With the growth of literacy even those outside the establishment were able to get their hands on magical books. In 1593 a French soldier-turned-cobbler called Noël le Bragard was arrested for magic after becoming known as as healer and magician. His journey into magic had started when he’d found that one of the town gatekeepers owned a book of magical spells to find treasure and gain love, but had refused to loan it to him. Eventually, he had met an old woman who had kept a chest full of magical books and papers which he bought from her, copied, and sold to a young nobleman.
Le Bragard’s collection included major books of the time, including Agrippa’s Three Books of Occult Philosophy, the spurious Fourth book, and the Ars Notoria. In England, the Tudor astrologer-physician Gregory Wisdom said that he had inherited a magical book called The Practise of Drammell from his father. More famously, the London based doctor and sorcerer Simon Foreman owned several major magical texts, including The Picatrix, the Ars Notoria and the Liber Ratziel, going as far as to write that he had penned a book of Necromantic spells in the 1590s.
The Makeup of a Magical Book
Books could contain spells for many purposes, or be dedicated to a specific goal. The medieval Liber Vaccae contains pseudo-scientific processes for making magical creatures who can be killed in various ways that grant special powers to the magician. The much-imitated Ars Notoria was a book of spells to quickly grant magical knowledge to the user without their having to study, while the Picatrix was derived from an Arabic manual for making various scientifico-magical gadgets (rings, potions, bracelets or periapts).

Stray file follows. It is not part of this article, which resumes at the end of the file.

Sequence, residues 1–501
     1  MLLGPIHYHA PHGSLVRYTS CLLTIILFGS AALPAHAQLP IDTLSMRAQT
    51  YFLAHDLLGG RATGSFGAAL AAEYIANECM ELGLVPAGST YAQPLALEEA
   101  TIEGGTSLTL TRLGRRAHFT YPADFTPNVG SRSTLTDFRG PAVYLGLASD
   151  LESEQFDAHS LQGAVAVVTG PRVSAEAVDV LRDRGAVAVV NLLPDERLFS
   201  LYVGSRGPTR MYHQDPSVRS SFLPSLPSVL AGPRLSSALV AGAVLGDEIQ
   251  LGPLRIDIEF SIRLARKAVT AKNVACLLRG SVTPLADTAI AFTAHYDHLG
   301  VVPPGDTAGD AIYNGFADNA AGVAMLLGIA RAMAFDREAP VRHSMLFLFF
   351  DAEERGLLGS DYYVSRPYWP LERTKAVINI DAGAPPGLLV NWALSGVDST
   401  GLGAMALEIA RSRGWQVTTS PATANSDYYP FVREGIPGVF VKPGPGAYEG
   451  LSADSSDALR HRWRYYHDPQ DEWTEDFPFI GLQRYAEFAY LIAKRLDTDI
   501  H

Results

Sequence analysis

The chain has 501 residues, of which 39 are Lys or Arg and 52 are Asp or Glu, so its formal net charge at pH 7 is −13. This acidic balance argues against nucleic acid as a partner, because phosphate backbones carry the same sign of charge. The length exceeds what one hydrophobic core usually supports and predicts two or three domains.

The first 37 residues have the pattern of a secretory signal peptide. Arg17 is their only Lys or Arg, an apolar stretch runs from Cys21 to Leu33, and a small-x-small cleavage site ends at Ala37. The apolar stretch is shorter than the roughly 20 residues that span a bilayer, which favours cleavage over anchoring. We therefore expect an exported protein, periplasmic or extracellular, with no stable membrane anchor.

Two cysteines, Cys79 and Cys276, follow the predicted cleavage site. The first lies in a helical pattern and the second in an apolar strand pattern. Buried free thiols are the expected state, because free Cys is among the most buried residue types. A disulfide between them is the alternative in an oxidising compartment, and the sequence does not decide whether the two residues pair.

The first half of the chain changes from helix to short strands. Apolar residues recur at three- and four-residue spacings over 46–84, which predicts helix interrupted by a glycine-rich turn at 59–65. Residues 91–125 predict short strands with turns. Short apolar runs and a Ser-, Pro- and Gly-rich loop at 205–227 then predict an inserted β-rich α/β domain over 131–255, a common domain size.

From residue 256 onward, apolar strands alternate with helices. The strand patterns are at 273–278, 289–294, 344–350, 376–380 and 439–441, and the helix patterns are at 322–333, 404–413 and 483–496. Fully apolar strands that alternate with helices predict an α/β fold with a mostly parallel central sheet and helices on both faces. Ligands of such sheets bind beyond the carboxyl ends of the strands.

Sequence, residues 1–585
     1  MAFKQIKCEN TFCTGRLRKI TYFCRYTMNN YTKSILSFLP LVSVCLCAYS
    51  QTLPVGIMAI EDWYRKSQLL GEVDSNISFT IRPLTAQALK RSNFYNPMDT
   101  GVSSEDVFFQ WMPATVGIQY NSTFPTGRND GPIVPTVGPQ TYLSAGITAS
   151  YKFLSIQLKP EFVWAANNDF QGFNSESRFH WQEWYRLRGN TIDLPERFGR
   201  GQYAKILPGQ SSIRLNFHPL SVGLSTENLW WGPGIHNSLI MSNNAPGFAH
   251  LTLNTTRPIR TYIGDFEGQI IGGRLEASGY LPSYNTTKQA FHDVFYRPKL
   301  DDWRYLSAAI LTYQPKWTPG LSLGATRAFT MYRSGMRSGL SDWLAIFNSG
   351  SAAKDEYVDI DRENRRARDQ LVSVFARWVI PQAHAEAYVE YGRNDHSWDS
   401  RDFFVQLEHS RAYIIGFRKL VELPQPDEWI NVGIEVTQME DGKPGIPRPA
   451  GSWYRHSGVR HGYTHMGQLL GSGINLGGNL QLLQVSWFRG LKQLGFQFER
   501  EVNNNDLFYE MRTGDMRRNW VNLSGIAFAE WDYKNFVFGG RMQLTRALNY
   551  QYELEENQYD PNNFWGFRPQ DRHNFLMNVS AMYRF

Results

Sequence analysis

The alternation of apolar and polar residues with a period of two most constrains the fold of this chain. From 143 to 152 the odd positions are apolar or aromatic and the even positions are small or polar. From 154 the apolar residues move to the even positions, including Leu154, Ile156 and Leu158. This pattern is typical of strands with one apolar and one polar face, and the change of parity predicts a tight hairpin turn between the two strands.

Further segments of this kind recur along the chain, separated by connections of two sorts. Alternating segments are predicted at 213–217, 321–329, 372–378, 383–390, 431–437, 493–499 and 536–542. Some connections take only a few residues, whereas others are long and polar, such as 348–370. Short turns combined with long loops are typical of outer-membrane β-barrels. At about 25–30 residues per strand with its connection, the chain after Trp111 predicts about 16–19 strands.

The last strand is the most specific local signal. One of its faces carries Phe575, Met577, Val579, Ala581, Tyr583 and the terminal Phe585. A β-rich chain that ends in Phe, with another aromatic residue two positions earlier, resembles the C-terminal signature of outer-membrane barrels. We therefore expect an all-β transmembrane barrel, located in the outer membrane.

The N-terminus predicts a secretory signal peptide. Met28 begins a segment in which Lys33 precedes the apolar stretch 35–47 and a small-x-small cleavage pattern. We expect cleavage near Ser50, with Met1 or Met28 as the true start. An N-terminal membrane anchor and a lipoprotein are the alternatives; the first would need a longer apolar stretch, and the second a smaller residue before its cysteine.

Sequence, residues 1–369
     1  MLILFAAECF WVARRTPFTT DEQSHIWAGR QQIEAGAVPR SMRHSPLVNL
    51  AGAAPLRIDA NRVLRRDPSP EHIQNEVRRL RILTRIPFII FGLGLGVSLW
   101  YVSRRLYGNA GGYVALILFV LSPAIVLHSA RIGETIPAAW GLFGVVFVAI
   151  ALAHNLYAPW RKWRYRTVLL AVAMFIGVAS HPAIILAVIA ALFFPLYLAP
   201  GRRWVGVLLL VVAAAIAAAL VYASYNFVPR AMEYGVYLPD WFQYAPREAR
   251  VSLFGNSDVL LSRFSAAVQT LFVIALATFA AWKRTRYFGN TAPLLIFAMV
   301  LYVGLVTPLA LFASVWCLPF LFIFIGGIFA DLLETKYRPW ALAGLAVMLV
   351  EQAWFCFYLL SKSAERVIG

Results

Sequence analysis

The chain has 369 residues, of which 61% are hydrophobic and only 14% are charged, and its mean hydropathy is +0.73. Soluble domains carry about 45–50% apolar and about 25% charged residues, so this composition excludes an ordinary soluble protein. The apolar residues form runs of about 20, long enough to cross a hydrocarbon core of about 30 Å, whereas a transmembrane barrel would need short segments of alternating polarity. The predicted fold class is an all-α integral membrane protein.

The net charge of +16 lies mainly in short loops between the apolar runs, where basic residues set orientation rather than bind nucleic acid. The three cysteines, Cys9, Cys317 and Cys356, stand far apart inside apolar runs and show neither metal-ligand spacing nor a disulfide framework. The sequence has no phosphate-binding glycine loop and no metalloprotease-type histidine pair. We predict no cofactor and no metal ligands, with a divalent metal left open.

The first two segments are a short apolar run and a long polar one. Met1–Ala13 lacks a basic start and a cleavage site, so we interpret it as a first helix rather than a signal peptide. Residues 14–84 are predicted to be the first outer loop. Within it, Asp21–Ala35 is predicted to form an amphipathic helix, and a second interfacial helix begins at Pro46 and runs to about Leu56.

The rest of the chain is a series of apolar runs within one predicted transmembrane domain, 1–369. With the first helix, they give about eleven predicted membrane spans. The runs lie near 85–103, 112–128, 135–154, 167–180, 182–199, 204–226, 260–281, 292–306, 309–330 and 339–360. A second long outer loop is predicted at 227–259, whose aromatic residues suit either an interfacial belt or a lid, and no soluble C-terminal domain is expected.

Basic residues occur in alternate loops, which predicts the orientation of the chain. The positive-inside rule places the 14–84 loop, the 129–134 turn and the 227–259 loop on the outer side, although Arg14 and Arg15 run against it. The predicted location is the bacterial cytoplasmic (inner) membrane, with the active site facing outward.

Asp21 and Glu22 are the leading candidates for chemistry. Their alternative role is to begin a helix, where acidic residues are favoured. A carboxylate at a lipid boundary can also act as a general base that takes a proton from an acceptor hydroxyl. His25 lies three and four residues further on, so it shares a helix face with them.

Other books, like the Clavicle of Solomon, contain varied spells with varied purposes. One version found on the Twilit Grotto site includes spells to find thieves, spells to create love, spells to cause invisibility, and spells categorised by broad theme, like ‘experiments of grace and favour’ and ‘experiments of hatred and destruction’.
Finally, there would be the category of spirit books, designed to teach the sorcerer who to conjure spirits for various purposes. These were ubiquitous by the later middle ages and early modern period, with common editions being copies of the Lemegaton (a Solomonic book), the Centrum Regnum (a book containing the instructions for summoning one hundred spirits, often copied with a different title if there were fewer spirits), and the spurious ‘Fourth Book of Occult Philosophy’ wrongly attributed to Agrippa.
And even in places where magical books were common, there might not necessarily be a free choice of available spells: the Augustinian abbey at Canterbury was probably one of the most free places of learning for magic in England (after it was dissolved, John Dee bought their library and used it to create his Enochian system of magic) and their collection of magical books only ran to fifty. For European magical practitioners the process of learning new spells would have been a risky process of following rumours and chance meetings.